The face of business has changed. You may have employees working globally, doing business with people from other regions or countries, or you might be relocating executives across cultures. The fact is, the global industry is the new norm. And your team needs to cultivate a “global mindset.” In today’s global marketplace it is critical for people to efficiently work together across borders and time zones to achieve business success.
Even more, we have a moral and ethical business obligation to be savvy about how the world works. By this I mean we need to be aware of the nuances of political systems, cultural norms, and the psychological mindsets of those whom we do business with and for. Without this savviness, we can’t truly understand the world and what it needs to run successfully.
Still, studies show many leadership programs fail at preparing future leaders with the skills needed to excel in today’s global business world.
What are these programs lacking?
The tools necessary for employees and organizations to cultivate a global mindset. A global mindset describes one that has a genuine desire, knowledge, and the skills to operate effectively in business today. One needs to know how to negotiate with vendors, sell to customers, and lead productive teamwork across regions – often in multiple countries at the same time.
This is just as important as legal counsel, marketing, sales, or a business strategy. Cultivating a global mindset shouldn’t be optional, as it fills a strategic, tactical need of operating in today’s global business. It is just as important as other business operations.
The number one agenda item
The number one agenda item for today’s corporate leaders looking to sustain business success should be finding talent with a global mindset. The team that cultivates a global mindset will be able to:
• Assess new markets
• Understand customer behavior
• Negotiate with vendors
• Secure contracts and commitment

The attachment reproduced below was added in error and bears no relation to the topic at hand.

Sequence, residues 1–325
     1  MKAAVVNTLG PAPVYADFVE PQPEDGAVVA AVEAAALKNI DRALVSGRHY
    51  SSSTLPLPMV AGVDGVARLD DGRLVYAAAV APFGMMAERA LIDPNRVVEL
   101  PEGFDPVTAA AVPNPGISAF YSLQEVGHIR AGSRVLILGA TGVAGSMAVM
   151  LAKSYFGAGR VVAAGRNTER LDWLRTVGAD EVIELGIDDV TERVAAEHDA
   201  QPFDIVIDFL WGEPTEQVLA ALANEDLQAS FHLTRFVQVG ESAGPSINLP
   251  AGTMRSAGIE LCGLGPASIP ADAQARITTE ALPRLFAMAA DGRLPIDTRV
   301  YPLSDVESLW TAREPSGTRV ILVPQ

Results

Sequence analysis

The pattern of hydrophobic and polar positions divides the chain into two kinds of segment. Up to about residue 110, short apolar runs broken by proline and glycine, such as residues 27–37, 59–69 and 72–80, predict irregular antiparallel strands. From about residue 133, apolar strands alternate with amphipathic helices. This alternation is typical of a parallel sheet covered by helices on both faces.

• Navigate cultural nuances
• Build long-term business relationships
• Run complex projects
• Manage high-performing teams
Start cultivating a global mindset with these four tips
1. Get off your computer and get on a plane. As much as we might like to believe that the internet makes experiences like “study abroad” unnecessary, this kind of enriching experience is invaluable for understanding how cultural differences shape business and purchasing decisions. Opening your own mind to the differences among cultures will help you comprehend the kinds of perspectives you might encounter in global expansion, international sales negotiations, or hiring discussions for a new regional vice president.
2. Cultivate a global mindset at every level of the business. While making it a priority starts with upper management, executive staff aren’t the only people involved in implementing a global mindset across a company. Personnel in human resources, public relations, and corporate communications support those executive leaders. Making global mindset a priority for the entire staff, not just those who often travel internationally, will ensure both every day and long-term business actions are sensitive to the needs of other cultures.
3. Play memory. If you’re working in a new region of the world, do some research online and memorize five facts about the country or culture. When interacting with colleagues or business partners, use those facts as ice-breakers. In new sales or vendor meetings, you’ll be credible. And by making an effort to learn about their culture, you’ll gain respect by showing genuine interest in your new associates.
4. Share your experiences. When you travel, read global news and books, or watch international films, and share your experiences. By sharing your experience with friends, families, and co-workers, you plant the seeds of a global mindset within them. Create excitement about learning about the world.
Ready to go global?
Are you—and your employees—ready to go global? You can find out by taking the Global Mindset Inventory (GMI) assessment. The GMI measures Intellectual, Psychological, and Social Capital to reveal both strengths and areas to develop. GMI also coaches individual assessment-takers to interpret their results and create a plan of action. Learn more about the GMI assessment here.
Cultivating global mindset isn’t only a business benefit; the growth and enrichment that comes with cross-cultural experiences can be as personally rewarding as it is professionally. But if your team needs help with global business skills, contact me. I can help.
A version of this post was first published on Lead Change Group
Image: Antonio Quagliata from Pexels